With time running out, it's unclear whether a fiscal cliff deal will also raise the debt ceiling. House Speaker Boehner has proposed doing so for one year, but with a big caveat.
But the offer comes with a serious condition. "Any debt limit increase would require cuts and reforms of a greater amount," said Boehner spokesman Brendan Buck.
Talks between Boehner and the White House are ongoing, and much remains publicly uncertain about any component of a possible deal.
But a one-year extension of the debt ceiling could require more than $1 trillion in spending cuts to meet Boehner's demand.
While it's notable that Boehner has put the offer on the table, it by no means guarantees that a fiscal cliff deal will include a debt ceiling increase.
If it doesn't, it could be deja vu all over again.
Last year, political brinksmanship over the debt limit forced the budget deal that led to the cliff's automatic spending cuts. It also led to the downgrade of the country's credit rating and roiled stock markets.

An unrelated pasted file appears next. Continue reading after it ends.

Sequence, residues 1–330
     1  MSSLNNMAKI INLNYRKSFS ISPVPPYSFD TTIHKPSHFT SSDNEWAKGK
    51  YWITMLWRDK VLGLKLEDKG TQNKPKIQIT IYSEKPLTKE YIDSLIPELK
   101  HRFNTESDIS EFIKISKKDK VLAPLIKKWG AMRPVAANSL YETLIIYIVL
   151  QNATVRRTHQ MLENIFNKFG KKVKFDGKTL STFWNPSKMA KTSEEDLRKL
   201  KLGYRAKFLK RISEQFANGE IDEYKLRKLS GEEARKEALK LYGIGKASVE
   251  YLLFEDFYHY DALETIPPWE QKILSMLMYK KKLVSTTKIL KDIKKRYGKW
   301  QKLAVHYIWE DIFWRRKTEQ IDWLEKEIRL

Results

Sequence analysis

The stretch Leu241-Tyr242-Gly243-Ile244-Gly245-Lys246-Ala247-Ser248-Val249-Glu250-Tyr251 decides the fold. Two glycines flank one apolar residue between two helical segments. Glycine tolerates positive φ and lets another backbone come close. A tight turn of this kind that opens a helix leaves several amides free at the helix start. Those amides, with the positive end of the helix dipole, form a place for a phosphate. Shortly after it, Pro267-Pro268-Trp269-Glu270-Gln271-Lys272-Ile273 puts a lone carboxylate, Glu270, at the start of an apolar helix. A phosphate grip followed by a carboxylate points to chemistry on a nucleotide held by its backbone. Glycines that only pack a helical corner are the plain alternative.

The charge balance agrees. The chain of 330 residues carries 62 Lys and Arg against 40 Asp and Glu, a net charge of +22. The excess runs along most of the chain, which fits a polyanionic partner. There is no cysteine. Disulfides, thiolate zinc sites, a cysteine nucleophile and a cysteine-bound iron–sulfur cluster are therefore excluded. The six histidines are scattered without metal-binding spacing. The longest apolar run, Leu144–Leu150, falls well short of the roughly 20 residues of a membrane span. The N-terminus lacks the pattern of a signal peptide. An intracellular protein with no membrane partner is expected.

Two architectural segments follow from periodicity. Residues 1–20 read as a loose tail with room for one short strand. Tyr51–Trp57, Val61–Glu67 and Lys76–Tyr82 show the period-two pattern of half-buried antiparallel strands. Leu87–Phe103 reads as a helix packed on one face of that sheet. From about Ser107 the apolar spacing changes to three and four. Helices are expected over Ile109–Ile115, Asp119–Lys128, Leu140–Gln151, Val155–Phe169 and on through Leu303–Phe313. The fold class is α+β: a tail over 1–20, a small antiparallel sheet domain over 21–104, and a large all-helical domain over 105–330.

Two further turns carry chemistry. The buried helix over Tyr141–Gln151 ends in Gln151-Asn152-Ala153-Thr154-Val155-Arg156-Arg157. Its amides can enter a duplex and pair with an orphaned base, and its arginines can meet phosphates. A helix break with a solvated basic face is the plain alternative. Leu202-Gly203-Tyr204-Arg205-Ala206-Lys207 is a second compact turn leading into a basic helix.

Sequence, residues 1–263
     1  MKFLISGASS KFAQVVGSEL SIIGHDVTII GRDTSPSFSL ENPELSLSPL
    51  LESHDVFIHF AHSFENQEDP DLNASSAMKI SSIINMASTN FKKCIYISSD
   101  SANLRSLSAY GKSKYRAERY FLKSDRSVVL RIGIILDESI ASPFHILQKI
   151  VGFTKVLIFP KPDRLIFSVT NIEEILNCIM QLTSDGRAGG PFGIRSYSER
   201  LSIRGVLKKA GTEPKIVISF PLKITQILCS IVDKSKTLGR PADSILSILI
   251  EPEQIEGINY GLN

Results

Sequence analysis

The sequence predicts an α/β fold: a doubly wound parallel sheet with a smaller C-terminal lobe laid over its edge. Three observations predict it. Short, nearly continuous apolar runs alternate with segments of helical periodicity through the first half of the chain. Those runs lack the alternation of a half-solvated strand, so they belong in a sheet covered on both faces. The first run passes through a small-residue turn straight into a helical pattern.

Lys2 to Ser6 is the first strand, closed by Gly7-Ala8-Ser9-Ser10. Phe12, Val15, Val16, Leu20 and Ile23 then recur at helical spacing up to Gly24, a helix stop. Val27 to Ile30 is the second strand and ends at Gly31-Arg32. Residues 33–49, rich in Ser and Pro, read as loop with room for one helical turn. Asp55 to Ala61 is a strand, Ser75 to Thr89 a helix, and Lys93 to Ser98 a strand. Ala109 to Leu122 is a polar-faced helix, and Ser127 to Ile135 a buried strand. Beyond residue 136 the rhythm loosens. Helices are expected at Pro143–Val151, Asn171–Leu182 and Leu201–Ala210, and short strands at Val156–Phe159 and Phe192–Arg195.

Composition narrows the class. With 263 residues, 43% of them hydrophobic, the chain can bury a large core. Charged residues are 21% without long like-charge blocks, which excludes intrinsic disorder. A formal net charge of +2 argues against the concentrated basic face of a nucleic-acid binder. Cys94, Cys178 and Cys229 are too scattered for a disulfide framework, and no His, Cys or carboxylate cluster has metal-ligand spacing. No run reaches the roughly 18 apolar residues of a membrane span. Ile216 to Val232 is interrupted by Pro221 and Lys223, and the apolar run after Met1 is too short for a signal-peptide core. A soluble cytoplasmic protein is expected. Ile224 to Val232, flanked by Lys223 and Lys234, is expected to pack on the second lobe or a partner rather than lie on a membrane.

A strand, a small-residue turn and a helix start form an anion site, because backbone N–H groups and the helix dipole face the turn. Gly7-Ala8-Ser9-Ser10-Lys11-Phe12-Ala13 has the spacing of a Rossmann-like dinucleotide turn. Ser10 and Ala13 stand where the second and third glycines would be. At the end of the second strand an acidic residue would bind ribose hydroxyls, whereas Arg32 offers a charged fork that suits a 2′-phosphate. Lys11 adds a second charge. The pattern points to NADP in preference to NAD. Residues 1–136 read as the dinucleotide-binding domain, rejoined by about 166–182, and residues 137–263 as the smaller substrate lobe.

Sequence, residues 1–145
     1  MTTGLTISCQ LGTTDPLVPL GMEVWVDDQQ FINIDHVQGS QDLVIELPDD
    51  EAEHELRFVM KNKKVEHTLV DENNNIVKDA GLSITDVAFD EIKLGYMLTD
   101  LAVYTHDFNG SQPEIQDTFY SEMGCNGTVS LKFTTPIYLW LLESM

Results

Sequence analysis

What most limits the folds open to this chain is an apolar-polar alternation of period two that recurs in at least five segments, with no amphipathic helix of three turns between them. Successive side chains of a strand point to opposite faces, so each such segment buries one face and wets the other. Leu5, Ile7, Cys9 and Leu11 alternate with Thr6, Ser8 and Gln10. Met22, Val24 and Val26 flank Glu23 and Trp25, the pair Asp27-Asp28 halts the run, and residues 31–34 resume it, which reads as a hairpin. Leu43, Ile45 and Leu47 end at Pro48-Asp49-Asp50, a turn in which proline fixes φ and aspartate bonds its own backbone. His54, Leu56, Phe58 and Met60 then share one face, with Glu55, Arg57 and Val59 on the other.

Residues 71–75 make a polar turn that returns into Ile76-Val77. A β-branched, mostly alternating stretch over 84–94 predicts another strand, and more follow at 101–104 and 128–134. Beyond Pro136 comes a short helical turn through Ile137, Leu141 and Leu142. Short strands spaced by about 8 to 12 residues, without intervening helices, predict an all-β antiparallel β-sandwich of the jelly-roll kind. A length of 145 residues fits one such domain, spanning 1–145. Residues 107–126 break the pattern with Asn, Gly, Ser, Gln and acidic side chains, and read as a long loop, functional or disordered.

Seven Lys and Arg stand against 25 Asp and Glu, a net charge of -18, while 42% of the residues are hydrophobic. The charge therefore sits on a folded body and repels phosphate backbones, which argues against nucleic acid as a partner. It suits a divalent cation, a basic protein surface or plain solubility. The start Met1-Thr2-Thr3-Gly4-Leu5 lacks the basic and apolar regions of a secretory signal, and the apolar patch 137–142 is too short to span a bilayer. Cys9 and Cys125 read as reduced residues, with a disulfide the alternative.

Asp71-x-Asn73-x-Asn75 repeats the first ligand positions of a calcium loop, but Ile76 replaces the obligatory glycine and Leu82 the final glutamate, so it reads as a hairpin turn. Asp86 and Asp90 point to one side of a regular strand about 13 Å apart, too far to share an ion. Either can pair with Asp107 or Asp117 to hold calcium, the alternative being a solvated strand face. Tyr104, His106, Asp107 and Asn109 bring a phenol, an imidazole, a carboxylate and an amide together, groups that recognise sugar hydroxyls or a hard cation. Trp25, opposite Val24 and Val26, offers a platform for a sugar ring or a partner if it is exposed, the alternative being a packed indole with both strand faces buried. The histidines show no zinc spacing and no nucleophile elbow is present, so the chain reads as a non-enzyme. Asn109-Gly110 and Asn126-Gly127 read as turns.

Currently, the debt is expected to hit the limit in the next two weeks. Once it does, the Treasury Department has said it can temporarily continue to pay the country's bills through the use of "extraordinary measures," such as suspending investment in federal worker pensions.
But those measures won't buy much time.
The Congressional Budget Office estimates that Congress must raise the ceiling by the middle of February or early March.
Barring an increase in the ceiling, Treasury would not be able to borrow new money to pay what the government owes in full and on time, thereby putting the country at risk of default.
If lawmakers and President Obama agree only to a partial fiscal cliff deal -- for example, by just extending the Bush tax cuts for the middle class and protecting them from the Alternative Minimum Tax -- they will leave investors and the economy in a tough spot.
"[That] would set up a nasty fight in the first quarter [over] the debt limit and entitlement cuts, even as it avoids most austerity and raises revenue through the tax code," Sean West, U.S. policy director at the Eurasia Group, said in a research note.
That fight, he said, would be "trench warfare."
But there's still a chance, West believes, that Congress and the White House could broker a bigger and better package even at this late hour.
"Our base case remains that a framework deal will provide a process for tax and entitlement reform; a debt limit increase for most of next year; and less than 2% of GDP fiscal drag in 2013," West wrote.
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